However, it was found that there were human settlements and activities along more than 6 km of the 25km of land adjacent to the Bertam River above the Ringlet Reservoir. In addition to deforestation which increases the velocity and erosive power of rainwater run-off, covering of the soil with buildings as well as widespread large-scale use of plastic ‘tunnels’ for agriculture has decreased absorption rate of rainwater into the soil, leading to increased runoff and higher volumes of both silt and water entering the river courses.

A similar phenomenon is occurring below the dam, where agriculture and urban development have encroached up to the river edge in many places. A glance at photos of Kg Bertam Valley or an aerial view of the village on googlemaps shows how the course of the river through the buildings and agricultural tunnels can only be traced with difficulty owing to the density of development along its banks. Ramakrishnan claims that many of the farms that had been flooded were illegal as they had been established within the river reserve despite the existence of TNB signboards warning farmers against doing so. District Officer Datuk Ahmad Daud noted that some farmers had been granted Temporary Occupation Licences, which expire at the end of the year.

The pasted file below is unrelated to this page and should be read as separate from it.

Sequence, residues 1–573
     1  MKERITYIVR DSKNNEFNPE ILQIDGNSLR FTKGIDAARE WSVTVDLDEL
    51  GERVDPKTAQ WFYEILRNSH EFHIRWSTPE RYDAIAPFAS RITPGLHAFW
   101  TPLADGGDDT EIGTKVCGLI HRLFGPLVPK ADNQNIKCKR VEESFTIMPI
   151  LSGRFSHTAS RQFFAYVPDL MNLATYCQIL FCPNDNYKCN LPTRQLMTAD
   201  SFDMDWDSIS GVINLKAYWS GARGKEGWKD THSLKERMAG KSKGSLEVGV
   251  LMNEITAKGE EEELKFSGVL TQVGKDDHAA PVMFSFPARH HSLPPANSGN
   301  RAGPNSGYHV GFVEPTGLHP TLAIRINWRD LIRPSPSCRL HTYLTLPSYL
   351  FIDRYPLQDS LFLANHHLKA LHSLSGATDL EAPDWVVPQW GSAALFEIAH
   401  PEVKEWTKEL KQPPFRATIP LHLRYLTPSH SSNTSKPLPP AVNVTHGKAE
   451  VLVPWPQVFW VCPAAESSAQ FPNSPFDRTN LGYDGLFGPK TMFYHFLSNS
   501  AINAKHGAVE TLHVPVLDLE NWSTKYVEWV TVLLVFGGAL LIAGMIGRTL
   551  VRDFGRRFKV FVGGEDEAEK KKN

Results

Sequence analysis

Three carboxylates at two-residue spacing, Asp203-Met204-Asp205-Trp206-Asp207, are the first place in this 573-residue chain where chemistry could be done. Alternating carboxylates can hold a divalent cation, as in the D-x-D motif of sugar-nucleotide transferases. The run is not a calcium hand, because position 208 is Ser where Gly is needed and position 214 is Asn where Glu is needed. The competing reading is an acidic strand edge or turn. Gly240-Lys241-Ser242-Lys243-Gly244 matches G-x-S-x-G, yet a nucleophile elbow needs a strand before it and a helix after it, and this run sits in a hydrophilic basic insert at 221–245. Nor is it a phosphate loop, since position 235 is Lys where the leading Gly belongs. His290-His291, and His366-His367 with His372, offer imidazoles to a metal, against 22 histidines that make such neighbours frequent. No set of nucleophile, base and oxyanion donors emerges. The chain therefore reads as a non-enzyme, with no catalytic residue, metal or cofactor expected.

According to Daud, authorities have attempted for the last five years to persuade farmers and villagers to relocate away from the river reserve, without success. He added that local authorities had organised educational programmes and events to clean up the rivers but the response from farmers had been poor. Earnings of about RM2billion (US$780m) in exports of fruit and vegetables tended to cause farmers to go beyond their boundaries, resulting in “reckless farming”, Natural Resources and Environment Minister Datuk Seri G Palanivel is reported as saying after the floods.